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AHC: Bone Weapons


Well-known member
In our tinline, among the Papuan tribal communities of New Guinea, bone weapons were a central part of their ancestral culture. Several tribal groups still craft and use them to this day, in spite of the ready availability of metal, due to their spiritual significance. And these weren’t just made from the bones of other animals either, but from the bones of other people as well. Most commonly though, these bone daggers were fashioned from the bones of northern cassowaries. Which in spite of (or perhaps because of) being widely acknowledged as “the most dangerous bird in the world”, were semi-domesticated in several New Guinea Highlands societies, and were the only indigenous Australasian animal known to have been partly domesticated by people prior to European arrival. This wasn’t just for use of their meat and ornamental feathers, but for the use of their bones as tools, as well as to be traded in ceremonial gift exchanges. And for those tribes which semi-domesticated them, they were effectively raised as wild game animals, to be killed in ritual combat- with only a direct blow to the head, or an arrow shot from very close range, deemed to be acceptable sure-fire methods to kill them.

Traditionally, in their culture, human bone weapons were only deemed to ‘belong’ to the wielder, and bestow spiritual power upon them, if the person who’d donated the bone which it was fashioned from was a direct ancestor of theirs (thus providing a conduit for them to draw upon the collective strength, skill and wisdom of their clan’s ancestors). Or, in the case of animals (and ‘head-hunted’ non-relatives from other tribes), if they’d been killed in honorable, close-quarters single combat by the wielder himself, thus granting the wielder spiritual ownership and empowerment over the weapon/s fashioned from their bones via the right of conquest (though this didn’t apply to bone tools- with the only real taboo pertaining to their usage being that to it was unacceptable to craft or use mundane tools made from human bones).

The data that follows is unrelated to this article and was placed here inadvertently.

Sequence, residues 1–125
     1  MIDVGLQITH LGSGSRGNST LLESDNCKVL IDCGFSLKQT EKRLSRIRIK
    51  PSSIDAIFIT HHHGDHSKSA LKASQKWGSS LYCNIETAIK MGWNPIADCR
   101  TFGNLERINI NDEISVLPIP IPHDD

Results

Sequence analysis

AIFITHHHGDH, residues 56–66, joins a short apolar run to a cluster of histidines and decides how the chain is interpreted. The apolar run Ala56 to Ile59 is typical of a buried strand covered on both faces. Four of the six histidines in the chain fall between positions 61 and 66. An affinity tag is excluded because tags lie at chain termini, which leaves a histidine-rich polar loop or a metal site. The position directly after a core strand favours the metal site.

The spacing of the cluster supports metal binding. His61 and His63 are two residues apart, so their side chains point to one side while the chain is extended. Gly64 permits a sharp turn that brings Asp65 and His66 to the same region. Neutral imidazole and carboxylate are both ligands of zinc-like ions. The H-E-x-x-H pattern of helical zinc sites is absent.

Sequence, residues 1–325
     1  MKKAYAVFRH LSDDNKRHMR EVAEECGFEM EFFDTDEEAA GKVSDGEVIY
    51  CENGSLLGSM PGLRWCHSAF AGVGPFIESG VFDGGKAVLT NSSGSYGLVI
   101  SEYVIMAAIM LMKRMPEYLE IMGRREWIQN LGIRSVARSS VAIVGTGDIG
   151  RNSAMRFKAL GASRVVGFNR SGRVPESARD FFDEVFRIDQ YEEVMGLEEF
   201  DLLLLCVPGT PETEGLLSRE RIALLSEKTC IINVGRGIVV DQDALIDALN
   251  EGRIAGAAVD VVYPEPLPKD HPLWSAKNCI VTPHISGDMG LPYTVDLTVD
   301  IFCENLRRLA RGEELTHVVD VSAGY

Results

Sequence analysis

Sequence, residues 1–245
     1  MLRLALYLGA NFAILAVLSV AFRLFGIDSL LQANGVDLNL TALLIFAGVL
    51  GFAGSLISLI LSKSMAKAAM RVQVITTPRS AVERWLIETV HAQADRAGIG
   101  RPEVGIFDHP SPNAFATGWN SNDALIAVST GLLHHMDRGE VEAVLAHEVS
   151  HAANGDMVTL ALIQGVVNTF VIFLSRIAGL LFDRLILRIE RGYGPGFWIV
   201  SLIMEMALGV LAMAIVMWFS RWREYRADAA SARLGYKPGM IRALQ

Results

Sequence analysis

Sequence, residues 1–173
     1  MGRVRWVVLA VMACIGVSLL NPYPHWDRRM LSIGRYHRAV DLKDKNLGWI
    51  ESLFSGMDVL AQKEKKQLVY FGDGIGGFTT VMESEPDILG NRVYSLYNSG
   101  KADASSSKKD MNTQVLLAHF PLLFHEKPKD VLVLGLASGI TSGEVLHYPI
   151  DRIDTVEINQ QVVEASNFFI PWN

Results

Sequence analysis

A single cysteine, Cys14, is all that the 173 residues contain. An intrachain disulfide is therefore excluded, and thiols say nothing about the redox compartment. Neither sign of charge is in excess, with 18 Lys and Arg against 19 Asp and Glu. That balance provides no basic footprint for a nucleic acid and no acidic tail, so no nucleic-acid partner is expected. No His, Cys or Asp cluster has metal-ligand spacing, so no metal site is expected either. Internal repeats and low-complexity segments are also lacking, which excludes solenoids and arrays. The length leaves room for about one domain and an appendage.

And to an extent, bone weapons are still very much revered in Papuan culture and society, in a similar manner to the Japanese reverence of katanas, and even in relatively modern settlements, are still custom crafted and displayed prominently in many Papuans’ houses, in much the same way that you’ll still see katanas wall-mounted in many Japanese houses (and that you’ll see cremation urns in many Indian houses- with Papuan ancestral bone daggers also having similar cultural significance to these).

Bone only began falling out of choice as the favored material of choice for weapons and tools, in Papuan society, as late as the early 20th century (and even then, with Western missionaries’ abject horror at their ‘barbaric heathen practices’ having played a huge role, after they made the false assumption that everyone who used bone tools and weapons had to be cannibals, and the colonial authorities having actively sought to eradicate the practice). Though this was more due to their greater ability to garner cultural, spiritual, and religious significance than it was to the actual effectiveness of bone as a weapons material- with even the Papuans only utilizing bone for stabbing and/or piercing weapons (e.g, daggers, pikes, spearheads, arrowheads), since there were any number of available hardwoods that were more suited to fashioning blunt, bludgeoning tools and weapons from, and bone has extremely limited utility for cutting/slicing.

So then, your alternate history challenge is to have bone weapons be developed and/or adopted far more widely than IOTL, by a bunch of other peoples in the world. Up for it?